Speaking of the proposed Rambo TV series, Sylvester Stallone told Variety, “I don’t want to cast aspersions but it’s delicate to try to replace a character with his son.” Many presumed his irony bone had snapped as Creed, a continuation of the Rocky series, does exactly that. Michael B. Jordan isn’t the Italian Stallion’s seed of course, but the illegitimate spill of Balboa’s former friend and one time nemesis, Apollo. You’ll recall that Creed Senior was pummelled to the grave by Dolph Lungren’s computer calibrated Russian killing machine at a time when the once grounded series had mutated into a comic book gladiatorial contest between testosteronic supermen; a proxy for the cold war that turned jingoism up to одиннадцать. Now Fruitvale Station’s Ryan Coogler is here to tell a successor story in the real-world style of John G. Avildsen’s original. Is there anything new to throw into the ring? No, and Rocky fans wouldn’t have it any other way.
Creed is part of a new (or should that be old?) wave of thinly disguised remakes masquerading as post-modern sequels to the iconic hits of yesteryear. Like The Force Awakens and Jurassic World, the new Rocky copies its forebear’s template precisely, while adding variations that ostensibly complicate the narrative by exploring old characters or situations from new angles.
Like Balboa before him, Adonis (improbably named despite being the bastard son of a man he never knew with an equally silly name and one would imagine, bitter mother), is from the wrong side of the tracks (a spell in “juvie”), has dreams of fighting his way to respect and prestige, and looks to an old but reluctant boxer with health problems to provide old school training and facilitate his shot. Following setbacks in his private life, include tussles with new girlfriend Tessa Thompson, Creed Junior eventually gets his mind in gear and everything builds to his world title bout in which a man his experienced opponent has dubbed a young pretender, gets to prove himself. In other words this is the movie you’ve already seen – both the gritty and self-parodic versions – with Stallone’s Rocky the new Burgess Meredith (though on growth hormones). Does it matter? Not a jot. The formula still works, even if every setback, pumped up training sequence and ringside punch recalls the older, fresher film.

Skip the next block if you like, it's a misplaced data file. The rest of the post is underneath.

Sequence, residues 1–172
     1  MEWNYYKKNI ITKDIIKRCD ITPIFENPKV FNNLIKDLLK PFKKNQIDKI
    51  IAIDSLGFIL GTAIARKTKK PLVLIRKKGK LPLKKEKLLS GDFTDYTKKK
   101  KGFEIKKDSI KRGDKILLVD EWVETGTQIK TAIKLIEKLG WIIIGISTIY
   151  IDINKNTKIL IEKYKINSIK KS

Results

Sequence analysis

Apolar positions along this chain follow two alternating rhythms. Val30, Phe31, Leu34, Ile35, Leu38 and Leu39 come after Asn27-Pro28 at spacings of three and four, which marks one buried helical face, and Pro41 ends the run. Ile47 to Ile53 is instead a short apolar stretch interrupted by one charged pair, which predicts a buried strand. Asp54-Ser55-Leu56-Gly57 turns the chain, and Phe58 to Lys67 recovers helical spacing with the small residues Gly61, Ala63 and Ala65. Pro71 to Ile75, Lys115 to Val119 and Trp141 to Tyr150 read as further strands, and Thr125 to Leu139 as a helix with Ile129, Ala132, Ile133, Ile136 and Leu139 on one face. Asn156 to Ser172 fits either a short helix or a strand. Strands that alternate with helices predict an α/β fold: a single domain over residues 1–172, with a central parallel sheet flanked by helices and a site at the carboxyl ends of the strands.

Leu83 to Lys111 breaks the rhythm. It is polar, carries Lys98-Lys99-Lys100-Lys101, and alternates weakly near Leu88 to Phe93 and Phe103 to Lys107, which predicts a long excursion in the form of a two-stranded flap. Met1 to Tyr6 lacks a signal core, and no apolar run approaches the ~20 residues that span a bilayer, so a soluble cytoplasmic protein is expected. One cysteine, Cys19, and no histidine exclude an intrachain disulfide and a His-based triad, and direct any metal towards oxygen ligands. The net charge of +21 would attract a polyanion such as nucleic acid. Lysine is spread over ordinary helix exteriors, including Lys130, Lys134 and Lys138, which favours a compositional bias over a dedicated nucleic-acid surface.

Coogler’s strategy is to keep the action character-focused and the fights fast and visceral, in a bid to make a regurgitated meal look like a fresh dish. It doesn’t quite work. Jordan, solid as he is, doesn’t have Stallone’s gentle giant charm, and Ludwig Göransson, though he keeps the tempo high and the orchestral accompaniment suitably pumping, is no Bill Conti in his pomp. But everything that made Rocky work – the simplicity, the aspiration, the heart – is present in Creed and pays the same dividends, albeit at a lower rate. Modern touches, on-screen stats for fighters, the role of pay TV in setting the terms of fights, makes it contemporary, but the new Rocky’s much like the old, with the major boon for fans of the original being Balboa’s moving asides on lost friends and family in the autumn of his years. Should Hollywood be searching their script pile for a new hit – a story engendering the thrill of discovery for today’s audience? Undoubtedly. But until then, solid sequels will have to do.